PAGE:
8:55: We’re gonna lose all of our cigarette sponsors, David talking shit about smoking. Although I guess the CCP won’t be investing in our podcast any time soon due to the above either. But yeah, this does make smoking look cool.

10:26: Gonna agree with David here. It’s a VERY clean version of Kowloon Walled City, and… very light feeling? The videos I linked show a very different version, even in daytime.

I do think that the author is finding their feet a little bit with the environments in the first volume. I popped ahead on Book Walker to see a preview of volume 7, and the backgrounds are a lot messier than in the first volume, showing some interesting artistic growth.

Hallways from Volume 1. A little bit cleaner than you might expect, if you’d watched the videos above.
Images from Volume 7 – You can see an extra layer of grime, and of graffiti, has been added.

13:20: Cutting out of work to go to a porno movie theater is actually a pretty good character sketch moment, honestly.

14:10: Sensuality aside, the shots of her overheating while painting a room, and then the palm covered in ‘white paint’, push this book back into pure hentai territory. IT’S A FINE LINE, I GUESS, CHIP. 

16:20: That said, the sensuality of food in media is pretty much undebatable. Shout-out to the best example of this on recorded film, the egg yolk scene from the film Tampopo. 

This is a great movie by the way, you really oughtta watch it. Kowloon Generic Romance made me think of this quite a bit with the watermelon scenes and the discussions of different vibes in different places to eat.

16:45 Deb references Nami, one of the primary female characters from Echiro Oda’s manga One Piece, and her… interesting… body type. 

17:45 [Christopher:] So this may have been a tangent, but I really did get strong Dead Dead Demons DeDeDeDestruction, by Inio Asano, vibes while reading Kowloon Generic Romance. Both are set in ostensibly real places, with real people, but as the stories go on, it’s revealed that there are surprising differences to the setting that are affecting the day-to-day lives of the people who live there.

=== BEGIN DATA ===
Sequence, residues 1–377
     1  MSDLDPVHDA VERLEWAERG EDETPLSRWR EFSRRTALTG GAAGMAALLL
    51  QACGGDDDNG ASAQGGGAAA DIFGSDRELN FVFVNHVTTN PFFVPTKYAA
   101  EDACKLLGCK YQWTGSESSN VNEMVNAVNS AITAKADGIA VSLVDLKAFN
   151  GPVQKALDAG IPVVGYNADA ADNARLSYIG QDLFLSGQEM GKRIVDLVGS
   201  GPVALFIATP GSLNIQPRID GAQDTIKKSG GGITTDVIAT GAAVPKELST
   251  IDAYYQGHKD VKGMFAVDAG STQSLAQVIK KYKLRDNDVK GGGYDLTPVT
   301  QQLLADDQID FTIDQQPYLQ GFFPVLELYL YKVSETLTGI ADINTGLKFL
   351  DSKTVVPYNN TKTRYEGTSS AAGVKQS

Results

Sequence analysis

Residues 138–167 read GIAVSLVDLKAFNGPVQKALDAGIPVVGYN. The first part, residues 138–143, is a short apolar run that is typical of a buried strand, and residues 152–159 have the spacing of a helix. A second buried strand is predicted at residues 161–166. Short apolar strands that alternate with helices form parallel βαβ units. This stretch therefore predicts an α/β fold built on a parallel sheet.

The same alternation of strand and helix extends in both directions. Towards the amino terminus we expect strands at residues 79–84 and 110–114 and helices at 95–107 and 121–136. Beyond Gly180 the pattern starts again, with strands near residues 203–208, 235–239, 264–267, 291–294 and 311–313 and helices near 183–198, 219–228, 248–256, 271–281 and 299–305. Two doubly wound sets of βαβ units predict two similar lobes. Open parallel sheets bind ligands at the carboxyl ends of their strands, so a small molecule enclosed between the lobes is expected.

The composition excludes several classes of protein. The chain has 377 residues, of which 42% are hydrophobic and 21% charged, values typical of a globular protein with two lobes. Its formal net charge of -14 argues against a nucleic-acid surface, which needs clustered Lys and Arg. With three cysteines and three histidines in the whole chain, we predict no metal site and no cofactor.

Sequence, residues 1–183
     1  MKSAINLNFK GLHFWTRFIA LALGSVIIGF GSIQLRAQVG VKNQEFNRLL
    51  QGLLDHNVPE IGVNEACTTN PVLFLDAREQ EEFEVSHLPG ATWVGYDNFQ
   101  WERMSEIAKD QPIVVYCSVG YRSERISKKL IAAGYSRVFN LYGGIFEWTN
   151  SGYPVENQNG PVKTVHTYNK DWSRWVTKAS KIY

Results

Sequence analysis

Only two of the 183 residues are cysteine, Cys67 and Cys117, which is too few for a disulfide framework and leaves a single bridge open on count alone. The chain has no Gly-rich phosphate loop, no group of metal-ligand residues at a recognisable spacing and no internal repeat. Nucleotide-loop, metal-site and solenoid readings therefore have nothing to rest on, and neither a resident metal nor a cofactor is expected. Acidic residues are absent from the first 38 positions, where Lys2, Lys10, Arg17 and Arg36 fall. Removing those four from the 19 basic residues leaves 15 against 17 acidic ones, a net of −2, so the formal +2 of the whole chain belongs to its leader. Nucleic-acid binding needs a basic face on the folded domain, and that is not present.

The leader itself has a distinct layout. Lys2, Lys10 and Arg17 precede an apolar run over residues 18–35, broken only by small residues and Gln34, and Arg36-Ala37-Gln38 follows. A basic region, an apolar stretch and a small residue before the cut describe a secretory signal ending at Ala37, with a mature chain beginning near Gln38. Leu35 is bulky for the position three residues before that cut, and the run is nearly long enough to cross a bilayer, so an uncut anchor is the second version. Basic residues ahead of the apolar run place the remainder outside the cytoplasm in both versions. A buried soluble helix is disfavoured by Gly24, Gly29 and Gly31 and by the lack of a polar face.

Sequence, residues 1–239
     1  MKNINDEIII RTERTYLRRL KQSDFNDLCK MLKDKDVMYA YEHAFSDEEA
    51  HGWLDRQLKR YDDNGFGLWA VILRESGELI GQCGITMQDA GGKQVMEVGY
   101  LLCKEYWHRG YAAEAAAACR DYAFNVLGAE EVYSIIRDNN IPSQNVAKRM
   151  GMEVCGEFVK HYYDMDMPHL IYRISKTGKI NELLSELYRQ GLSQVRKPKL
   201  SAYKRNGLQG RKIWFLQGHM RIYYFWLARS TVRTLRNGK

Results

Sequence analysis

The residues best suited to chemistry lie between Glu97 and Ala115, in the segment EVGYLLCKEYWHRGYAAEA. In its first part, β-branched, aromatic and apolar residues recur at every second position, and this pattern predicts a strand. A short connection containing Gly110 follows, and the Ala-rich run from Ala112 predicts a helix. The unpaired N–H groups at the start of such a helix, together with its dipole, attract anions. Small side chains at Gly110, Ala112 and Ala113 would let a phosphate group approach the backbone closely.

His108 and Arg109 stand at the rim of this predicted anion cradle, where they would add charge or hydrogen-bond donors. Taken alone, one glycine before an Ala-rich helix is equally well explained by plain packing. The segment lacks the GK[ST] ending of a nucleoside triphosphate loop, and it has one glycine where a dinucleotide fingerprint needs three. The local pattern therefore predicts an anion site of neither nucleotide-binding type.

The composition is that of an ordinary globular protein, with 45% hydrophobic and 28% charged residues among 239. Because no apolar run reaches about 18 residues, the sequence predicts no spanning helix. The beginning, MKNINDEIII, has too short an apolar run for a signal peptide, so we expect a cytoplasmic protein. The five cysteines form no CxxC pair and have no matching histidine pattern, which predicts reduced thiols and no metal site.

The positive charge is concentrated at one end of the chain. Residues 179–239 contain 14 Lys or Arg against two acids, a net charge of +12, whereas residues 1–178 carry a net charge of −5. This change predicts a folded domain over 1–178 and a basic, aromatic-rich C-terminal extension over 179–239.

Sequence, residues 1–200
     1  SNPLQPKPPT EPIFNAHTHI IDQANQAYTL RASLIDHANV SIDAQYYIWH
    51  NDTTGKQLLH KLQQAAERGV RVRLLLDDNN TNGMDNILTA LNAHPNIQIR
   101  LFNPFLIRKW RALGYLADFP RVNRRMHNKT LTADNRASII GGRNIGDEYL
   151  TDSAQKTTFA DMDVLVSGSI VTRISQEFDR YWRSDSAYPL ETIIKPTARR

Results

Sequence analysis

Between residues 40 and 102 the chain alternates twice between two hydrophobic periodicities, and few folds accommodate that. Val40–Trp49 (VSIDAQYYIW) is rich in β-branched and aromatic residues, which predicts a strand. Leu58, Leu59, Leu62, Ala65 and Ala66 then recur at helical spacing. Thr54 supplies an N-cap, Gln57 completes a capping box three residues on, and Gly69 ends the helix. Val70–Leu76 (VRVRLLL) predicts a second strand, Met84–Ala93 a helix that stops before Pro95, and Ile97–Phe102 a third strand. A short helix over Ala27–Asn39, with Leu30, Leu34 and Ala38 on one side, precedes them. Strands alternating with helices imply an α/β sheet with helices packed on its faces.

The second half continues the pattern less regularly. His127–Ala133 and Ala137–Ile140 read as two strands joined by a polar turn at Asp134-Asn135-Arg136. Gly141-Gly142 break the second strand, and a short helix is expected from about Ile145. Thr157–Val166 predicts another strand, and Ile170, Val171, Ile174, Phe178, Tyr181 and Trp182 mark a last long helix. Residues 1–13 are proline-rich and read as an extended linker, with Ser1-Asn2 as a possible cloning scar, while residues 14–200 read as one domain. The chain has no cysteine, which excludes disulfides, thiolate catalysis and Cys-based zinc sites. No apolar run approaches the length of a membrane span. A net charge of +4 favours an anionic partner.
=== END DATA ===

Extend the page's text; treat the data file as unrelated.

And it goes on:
In DDD, it’s the fact that there are massive spaceships above Tokyo, dropping dead robots from the sky to the ground below. In KGR, it’s the seemingly Japanese/sci-fi bent to the world of 1980s Kowloon that is seemingly added by another giant floating city in the sky.While both of these seinen manga titles go in very different directions, I’d say they’re not completely dissimilar to one another. Anyway, DDD is on my list for a future Mangasplaining, gotta get to the end though and see how it wraps up before I recommend it.

21:30 David enjoys the Chapter 7 title page where they’re in a band together.

24:30 Deb is right, dude comes across as a total dick in his introductory sequence, with the timecards.

25:45 So I think I explained ‘natsukashii’ pretty clearly, but I just went and double-checked to make sure I wasn’t talking shit, and it looks like Wikitionary has my back:

“The second meaning of 懐かしい (dear, beloved, cherished, sweet) is largely equivalent to a verb in English, even though it functions grammatically as an adjective. In this regard it is quite similar to the adjective 好き (suki, “liked”). In Japanese, to express a yearning for something, or a slightly nostalgic feeling of missing something, you modify the object that is missed (such as home, one’s old neighborhood, one’s friend, one’s cat) with 懐かしい. In this regard, Japanese is quite unlike English.”


So it’s a verb and an adjective depending on what language it’s in. Hooray for more concise answers!

27:45 So far this episode we reference the 1980s/90s manga Crying Freeman by Ryoichi Ikegami and Kazuo Koike, City Hunter by Tsukasa Hojo, and  the work of Masamune Shirow. This is a hell of an on-boarding for Chip, and for those of you who aren’t hardcore manga fans. Here’s the Cliff’s Notes for each:

Crying Freeman: Originally published in English by VIZ back in the 90s, this book is just like… Well actually, Dark Horse is publishing it now and their description is really quite good.

“He is Yo Himomura, deadly assassin for the 108 Dragons, the Chinese Mafia. But to the criminal underworld who fear him, he is known as Crying Freeman, the killer who sheds tears at the fate of his victims. Yo has been hypnotically programmed by his Dragon masters to kill on command: he cannot resist his masters’ commands to kill, his masters cannot stop his tears of remorse. Written by the legendary Kazuo Koike, creator of Lone Wolf and Cub, and illustrated by the incomparable Ryoichi Ikegami, Crying Freeman is adult manga at its most challenging: dark, violent, morally complex, erotically charged, and regarded worldwide as one of the classics of adult graphic fiction.”